# Conditional Reasoning

## Multiple Sufficient and Necessary Conditions

## Be careful with the contrapositive

To best understand this section you should be familiar with basic conditional reasoning. Many questions on the LSAT rely on the use of sufficient and necessary conditions, and a solid knowledge of this form of reasoning is essential to a strong test performance. This writeup is taken from the Lesson Two Homework of our full-length course, and our course homework assignments contain a number of writeups similar to this one.

Many statements on the LSAT contain either multiple sufficient conditions or multiple necessary conditions. Consider the following statement:

To graduate from Throckmorton College you must be both smart and resourceful.

In this statement there are two necessary conditions that must be satisfied if you are to graduate from Throckmorton: 1. you must be smart and 2. you must be resourceful. Thus, the proper diagram for this statement is:

Graduate | Smart and Resourceful |

The difficulty in dealing with multiple necessary conditions comes with the contrapositive. In this case, if either one of the two necessary conditions is not met, then you cannot graduate from Throckmorton. It is not required that both necessary conditions fail to be met in order to stop the sufficient condition from occurring. Thus the proper diagram of the contrapositive of the statement is:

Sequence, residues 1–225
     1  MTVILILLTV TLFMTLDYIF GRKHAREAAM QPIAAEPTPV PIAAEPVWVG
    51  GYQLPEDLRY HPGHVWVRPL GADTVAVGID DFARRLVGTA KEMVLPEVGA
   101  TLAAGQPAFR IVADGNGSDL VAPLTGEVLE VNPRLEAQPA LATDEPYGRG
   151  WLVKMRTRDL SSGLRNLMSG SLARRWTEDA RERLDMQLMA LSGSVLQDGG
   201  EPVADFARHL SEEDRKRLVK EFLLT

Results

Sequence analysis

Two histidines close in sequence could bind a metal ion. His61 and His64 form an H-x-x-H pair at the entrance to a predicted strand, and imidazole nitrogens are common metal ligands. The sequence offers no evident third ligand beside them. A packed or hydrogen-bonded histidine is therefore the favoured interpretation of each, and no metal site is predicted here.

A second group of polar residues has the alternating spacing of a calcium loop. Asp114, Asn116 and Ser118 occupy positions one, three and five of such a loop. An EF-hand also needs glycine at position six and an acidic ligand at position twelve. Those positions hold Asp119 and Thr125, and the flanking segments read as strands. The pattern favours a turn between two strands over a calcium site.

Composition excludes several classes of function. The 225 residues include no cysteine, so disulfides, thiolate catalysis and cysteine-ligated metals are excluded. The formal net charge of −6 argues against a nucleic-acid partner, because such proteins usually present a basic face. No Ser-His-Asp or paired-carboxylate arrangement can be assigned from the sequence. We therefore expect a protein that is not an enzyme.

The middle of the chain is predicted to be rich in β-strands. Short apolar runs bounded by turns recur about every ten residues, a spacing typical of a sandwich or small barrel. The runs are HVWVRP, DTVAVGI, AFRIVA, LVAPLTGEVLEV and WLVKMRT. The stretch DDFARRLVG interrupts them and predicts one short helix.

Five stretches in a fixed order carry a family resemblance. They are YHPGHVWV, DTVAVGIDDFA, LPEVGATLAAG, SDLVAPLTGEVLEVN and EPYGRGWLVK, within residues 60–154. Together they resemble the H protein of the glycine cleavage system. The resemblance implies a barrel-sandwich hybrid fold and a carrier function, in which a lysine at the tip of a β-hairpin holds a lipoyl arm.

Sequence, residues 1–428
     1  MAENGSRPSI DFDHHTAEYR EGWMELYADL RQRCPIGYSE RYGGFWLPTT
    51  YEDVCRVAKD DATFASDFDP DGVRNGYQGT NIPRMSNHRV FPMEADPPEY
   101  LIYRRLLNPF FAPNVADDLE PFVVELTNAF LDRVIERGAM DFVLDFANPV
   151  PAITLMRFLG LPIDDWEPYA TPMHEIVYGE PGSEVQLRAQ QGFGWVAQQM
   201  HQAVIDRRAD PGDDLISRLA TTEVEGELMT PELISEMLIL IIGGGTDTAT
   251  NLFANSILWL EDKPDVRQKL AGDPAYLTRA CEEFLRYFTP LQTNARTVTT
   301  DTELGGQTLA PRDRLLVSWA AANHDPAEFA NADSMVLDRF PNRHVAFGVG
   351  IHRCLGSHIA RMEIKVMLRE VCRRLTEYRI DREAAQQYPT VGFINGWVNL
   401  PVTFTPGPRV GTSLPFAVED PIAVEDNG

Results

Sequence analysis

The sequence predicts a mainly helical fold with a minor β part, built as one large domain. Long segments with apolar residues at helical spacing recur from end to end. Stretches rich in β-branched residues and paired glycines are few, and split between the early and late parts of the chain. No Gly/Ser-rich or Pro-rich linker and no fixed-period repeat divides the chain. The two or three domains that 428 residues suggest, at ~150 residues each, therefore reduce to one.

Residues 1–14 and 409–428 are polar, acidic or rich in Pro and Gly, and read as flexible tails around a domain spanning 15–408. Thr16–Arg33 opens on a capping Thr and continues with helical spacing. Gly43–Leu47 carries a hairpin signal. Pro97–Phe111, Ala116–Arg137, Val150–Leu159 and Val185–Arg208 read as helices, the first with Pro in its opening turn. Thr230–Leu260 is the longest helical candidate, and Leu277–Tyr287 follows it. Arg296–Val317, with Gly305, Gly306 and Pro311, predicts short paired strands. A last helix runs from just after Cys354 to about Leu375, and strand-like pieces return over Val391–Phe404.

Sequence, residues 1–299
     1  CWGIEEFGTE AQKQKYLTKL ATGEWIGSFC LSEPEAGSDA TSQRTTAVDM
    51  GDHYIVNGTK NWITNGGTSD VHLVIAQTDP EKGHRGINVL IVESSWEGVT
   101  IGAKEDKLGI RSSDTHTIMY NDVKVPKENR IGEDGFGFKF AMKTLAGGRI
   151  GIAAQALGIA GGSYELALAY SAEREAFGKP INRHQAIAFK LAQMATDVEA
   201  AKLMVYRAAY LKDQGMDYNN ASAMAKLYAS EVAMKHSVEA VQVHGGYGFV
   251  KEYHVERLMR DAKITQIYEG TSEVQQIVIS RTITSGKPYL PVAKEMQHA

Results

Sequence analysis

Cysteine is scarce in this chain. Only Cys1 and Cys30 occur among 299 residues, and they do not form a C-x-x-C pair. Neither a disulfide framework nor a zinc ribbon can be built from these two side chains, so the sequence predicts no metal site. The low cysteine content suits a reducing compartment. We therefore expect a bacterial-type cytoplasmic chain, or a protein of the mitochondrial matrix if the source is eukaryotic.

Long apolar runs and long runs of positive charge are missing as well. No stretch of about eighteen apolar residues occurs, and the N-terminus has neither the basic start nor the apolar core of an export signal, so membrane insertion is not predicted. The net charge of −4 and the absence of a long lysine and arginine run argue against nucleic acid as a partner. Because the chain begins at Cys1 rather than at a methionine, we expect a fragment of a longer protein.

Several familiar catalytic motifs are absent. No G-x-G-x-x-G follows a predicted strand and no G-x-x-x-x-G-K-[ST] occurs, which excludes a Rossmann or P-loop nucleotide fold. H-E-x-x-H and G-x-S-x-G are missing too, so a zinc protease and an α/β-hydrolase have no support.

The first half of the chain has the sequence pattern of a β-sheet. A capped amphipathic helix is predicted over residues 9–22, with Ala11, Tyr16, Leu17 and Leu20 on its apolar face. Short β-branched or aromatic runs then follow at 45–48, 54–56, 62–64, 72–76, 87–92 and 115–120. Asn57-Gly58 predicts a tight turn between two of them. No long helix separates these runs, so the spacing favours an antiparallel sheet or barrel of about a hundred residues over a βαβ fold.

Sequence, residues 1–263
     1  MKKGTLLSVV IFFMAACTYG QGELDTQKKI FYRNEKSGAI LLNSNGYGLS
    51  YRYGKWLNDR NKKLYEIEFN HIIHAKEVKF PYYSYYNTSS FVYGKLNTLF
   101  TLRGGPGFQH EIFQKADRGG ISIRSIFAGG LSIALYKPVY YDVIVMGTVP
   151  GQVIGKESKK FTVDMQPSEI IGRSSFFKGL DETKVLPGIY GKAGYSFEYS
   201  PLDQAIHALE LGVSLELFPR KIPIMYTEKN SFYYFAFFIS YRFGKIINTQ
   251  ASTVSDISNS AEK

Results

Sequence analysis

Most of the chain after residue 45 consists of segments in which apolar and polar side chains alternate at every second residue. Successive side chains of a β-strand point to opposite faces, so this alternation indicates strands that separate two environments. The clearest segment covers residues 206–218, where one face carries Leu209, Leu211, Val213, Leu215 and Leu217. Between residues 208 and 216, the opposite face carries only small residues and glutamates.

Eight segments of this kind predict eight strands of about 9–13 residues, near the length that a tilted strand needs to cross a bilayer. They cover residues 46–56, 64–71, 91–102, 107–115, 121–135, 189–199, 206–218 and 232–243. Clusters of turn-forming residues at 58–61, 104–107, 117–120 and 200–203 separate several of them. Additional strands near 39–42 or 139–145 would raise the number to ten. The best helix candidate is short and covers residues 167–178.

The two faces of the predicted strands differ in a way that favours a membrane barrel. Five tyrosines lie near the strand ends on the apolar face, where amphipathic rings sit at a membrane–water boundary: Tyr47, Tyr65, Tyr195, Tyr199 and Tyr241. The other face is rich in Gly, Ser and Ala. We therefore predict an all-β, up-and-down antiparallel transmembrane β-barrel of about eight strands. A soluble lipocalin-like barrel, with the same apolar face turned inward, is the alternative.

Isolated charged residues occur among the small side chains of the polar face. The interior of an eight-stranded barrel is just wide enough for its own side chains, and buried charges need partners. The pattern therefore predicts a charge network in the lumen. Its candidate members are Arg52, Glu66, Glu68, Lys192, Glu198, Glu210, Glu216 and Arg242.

Note that in taking the contrapositive, the “and” in the necessary condition changed to “or.” The reverse would be true if the necessary conditions had originally been linked by the term “or.” Consider the following statement:

To graduate from Throckmorton College you must be smart or resourceful.

The proper diagram for this statement is:

Graduate | Smart or Resourceful |

In this case, to graduate from Throckmorton you need to meet just one of the two necessary conditions. Of course, this does not preclude the possibility of meeting both conditions, but it is not necessary for you to do so. Now let us take the contrapositive of the second statement:

This diagram indicates that if you are not smart and also not resourceful, then you cannot graduate from Throckmorton College. Again note that the “or” joining the necessary conditions has changed to “and.” Now let us examine a statement with two sufficient conditions. Consider the following statement:

If you are rich and famous, then you are happy.

The proper diagram for this statement is:

Rich and Famous |
Happy |

Please note that you must be both rich and famous to meet the sufficient condition, and that if you were both rich and famous then you would also be happy. Now let us take the contrapositive:

The contrapositive indicates that if you are not happy, then you are either not rich or not famous. Thus, if you are not happy, then you are not rich, not famous, or not both. Note that once again the “and” has become “or.” Consider the following statement:

If you are rich or famous, then you are happy.

The proper diagram for this statement is:

Rich or Famous |
Happy |

Note that you can be either rich or famous, or both, to meet the sufficient condition. Now let us take the contrapositive:

The contrapositive indicates that if you are not happy, then you are neither rich nor famous. Thus, if you are not happy, then you are not rich and not famous. Also note that once again the “or” has become “and.”

## Quick Review

Remember, when taking the contrapositive, “and” becomes “or” and vice versa.

Statement I: If A, then B and C.

Diagram:

A |
B and C |

Contrapositive:

Statement II: If A, then B or C.

Diagram:

A |
B or C |

Contrapositive:

Statement III: If A or B, then C.

A or B |
C |

Contrapositive:

Statement IV: If A and B, then C.

Diagram:

A and B |
C |

Contrapositive: